It is obvious by now that the US dollar
has taken a strong hit due to the US government shut-down and political stand-off that placed the country at risk of a technical default.
However, there is reason to believe that dollar weakness is capped.
Many commentators are paying attention to the economic damage posed by the government shutdown. However, the US economy is not tied to government spending to the extent seen in other countries. The private economy holds an immense weight on GDP. As such, the shutdown should not have a lasting impact on economic growth and should only shave a couple of decimal points from the rate of growth.
There are two major issues that seem to have weakened the US dollar, falling investor confidence and delayed expectations for the Federal Reserve's (Fed) 'tapering' of its monthly asset purchases.
First, confidence remains critically important for markets. Stable equity markets throughout the negotiations proved that consumers and investors are used to political bickering. This should mean that consumer confidence affected by political ramifications could easily be recovered.
However, investor confidence in the US dollar as a safe-haven and the world's reserve currency has arguably suffered the most. Foreign investors may diversify their currency holdings because the risk of default became so real.
Nonetheless, this confidence could be recovered with sound fiscal policy and with the Fed's support. Looking forward, the absense of an alternative reserve currency could favor the dollar. While the euro has understandably benefited the most, the Eurozone's economic recovery remains very fragile. Even if the worst of the credit crisis is left behind, the Eurozone still has many structural problems to solve, including high unemployment and lack of a banking union. Also, a high euro exchange rate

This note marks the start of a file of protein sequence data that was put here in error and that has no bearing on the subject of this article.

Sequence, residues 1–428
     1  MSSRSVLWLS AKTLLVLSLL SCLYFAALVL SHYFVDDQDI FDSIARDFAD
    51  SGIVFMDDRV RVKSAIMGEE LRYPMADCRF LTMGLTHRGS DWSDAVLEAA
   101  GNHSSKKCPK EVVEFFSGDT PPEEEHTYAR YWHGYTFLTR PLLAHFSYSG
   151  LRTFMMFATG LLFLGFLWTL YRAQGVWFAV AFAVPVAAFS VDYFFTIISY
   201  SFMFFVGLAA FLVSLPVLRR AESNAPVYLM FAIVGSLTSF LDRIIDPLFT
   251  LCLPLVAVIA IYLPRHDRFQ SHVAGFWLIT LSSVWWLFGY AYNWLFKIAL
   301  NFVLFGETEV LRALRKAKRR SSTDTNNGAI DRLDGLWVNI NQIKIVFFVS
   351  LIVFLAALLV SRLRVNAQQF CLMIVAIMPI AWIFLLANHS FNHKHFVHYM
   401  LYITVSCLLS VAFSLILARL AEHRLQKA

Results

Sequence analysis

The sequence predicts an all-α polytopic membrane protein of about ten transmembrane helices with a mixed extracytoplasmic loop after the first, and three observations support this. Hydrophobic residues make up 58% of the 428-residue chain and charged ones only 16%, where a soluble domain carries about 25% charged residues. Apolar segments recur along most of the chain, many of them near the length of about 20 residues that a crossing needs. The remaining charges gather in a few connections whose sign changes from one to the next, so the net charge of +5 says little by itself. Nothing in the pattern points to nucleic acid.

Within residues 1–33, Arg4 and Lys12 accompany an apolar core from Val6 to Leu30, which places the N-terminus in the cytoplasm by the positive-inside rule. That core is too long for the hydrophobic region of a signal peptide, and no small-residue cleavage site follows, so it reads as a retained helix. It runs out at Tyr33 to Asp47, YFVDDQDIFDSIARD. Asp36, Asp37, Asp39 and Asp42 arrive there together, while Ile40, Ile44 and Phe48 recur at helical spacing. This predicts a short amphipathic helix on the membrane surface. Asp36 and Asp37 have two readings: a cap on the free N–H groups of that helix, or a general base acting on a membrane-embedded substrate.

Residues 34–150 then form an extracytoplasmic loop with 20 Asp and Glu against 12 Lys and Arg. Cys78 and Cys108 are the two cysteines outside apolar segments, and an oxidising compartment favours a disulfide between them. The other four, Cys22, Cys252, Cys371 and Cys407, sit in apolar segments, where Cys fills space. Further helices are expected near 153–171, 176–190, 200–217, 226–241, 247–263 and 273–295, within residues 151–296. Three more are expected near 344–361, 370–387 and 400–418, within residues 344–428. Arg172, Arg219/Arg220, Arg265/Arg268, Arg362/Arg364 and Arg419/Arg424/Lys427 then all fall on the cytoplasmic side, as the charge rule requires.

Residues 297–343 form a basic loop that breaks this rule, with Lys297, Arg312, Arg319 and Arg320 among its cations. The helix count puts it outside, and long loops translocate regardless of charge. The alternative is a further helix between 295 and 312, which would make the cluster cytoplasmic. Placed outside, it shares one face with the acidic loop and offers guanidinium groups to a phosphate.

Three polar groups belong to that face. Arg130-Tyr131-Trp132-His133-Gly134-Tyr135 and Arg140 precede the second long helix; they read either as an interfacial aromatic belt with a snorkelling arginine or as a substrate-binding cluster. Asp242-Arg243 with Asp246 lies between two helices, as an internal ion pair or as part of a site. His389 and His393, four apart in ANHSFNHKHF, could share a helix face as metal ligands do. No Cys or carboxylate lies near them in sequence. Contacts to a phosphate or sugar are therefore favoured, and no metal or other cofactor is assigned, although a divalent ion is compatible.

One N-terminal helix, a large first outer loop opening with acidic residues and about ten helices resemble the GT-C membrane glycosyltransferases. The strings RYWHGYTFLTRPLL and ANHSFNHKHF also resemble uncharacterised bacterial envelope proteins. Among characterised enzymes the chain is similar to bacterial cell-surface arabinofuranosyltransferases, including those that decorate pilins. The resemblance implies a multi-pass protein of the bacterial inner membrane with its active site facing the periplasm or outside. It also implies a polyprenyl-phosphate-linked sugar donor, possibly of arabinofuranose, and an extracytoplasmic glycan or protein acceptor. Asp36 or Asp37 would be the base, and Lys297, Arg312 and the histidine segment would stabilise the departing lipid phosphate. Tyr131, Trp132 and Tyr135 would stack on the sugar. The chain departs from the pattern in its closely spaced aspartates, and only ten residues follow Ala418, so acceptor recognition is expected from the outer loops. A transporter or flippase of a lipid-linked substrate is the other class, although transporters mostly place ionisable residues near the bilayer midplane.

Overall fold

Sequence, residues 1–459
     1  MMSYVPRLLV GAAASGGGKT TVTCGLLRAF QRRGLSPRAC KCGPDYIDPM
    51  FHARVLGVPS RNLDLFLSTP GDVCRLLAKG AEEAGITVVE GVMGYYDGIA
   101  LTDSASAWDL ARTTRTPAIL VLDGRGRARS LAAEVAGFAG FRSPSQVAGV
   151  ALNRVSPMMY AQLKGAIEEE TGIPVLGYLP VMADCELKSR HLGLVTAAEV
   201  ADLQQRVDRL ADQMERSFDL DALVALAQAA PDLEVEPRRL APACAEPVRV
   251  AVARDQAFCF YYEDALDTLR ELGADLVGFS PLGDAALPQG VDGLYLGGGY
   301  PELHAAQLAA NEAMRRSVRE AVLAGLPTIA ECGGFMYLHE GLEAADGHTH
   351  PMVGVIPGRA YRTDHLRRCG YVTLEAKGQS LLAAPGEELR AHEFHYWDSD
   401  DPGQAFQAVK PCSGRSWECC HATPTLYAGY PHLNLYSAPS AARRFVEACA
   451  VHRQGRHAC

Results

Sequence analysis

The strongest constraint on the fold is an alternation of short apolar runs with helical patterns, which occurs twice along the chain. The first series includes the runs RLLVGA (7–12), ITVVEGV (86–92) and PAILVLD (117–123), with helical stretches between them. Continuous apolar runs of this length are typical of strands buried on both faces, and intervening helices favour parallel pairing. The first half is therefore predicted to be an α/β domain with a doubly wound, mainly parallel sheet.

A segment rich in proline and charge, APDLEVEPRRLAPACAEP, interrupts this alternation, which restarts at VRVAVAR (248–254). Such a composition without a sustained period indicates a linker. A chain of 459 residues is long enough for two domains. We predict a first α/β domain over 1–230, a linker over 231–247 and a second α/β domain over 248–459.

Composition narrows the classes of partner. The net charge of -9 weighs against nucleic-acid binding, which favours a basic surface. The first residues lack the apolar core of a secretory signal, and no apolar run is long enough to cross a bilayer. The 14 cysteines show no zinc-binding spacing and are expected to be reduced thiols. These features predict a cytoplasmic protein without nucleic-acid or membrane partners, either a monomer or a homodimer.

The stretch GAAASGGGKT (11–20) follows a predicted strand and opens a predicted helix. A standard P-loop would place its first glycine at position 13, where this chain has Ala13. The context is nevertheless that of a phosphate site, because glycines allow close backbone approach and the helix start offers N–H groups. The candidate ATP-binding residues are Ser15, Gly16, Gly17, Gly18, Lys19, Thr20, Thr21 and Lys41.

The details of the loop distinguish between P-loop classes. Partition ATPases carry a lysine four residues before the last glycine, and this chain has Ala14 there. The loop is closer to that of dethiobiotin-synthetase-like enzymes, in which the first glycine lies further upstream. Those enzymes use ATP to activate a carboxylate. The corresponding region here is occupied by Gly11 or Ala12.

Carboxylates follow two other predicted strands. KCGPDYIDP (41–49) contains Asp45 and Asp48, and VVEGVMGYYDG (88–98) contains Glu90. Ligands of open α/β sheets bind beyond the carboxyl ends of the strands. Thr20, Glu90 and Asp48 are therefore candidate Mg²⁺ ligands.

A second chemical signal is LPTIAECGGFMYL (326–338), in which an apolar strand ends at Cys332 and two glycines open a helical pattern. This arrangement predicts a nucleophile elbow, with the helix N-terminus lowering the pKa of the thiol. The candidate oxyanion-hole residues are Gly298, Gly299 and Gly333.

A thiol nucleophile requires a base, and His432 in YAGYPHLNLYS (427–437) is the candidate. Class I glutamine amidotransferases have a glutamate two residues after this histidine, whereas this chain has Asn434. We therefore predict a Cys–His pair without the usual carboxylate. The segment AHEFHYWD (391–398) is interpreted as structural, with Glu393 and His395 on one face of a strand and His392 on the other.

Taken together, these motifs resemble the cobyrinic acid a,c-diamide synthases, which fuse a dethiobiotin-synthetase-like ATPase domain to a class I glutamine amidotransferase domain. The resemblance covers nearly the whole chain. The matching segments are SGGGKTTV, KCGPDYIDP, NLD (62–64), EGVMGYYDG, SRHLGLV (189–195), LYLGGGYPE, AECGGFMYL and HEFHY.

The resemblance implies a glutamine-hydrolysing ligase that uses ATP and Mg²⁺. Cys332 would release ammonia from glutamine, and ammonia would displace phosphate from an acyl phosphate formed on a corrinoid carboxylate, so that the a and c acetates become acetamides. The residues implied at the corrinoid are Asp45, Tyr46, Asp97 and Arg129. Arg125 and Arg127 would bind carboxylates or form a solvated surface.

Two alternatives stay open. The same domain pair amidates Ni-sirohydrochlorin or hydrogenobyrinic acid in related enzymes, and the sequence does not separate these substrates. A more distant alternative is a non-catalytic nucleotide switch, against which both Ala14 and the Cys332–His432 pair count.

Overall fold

does not benefit the region.
The other big setback for the US dollar has been expectations that the Fed will not begin 'tapering' until next year.
These two issues, investor confidence and 'tapering' expectations, have led to a strong bearish trend for the US dollar, especially versus the majors like the euro and the sterling pound.
However, it is difficult to see those trends being sustained, at least for now. Analyst surveys suggest that the market is pricing in tapering to begin next March, a negative scenario that should not be taken for granted.
The US economy remains a major driver of global growth. Coupled with the potential for political and fiscal problems to be resolved with a definitive debt deal, the Fed could resume its tapering plans amidst economic growth.
The above should help the US dollar consolidate and not weaken much further unless it should be confirmed that the Fed's taper plans are pushed further back. The Fed should provide more insight after its two-day monetary policy meeting ends today.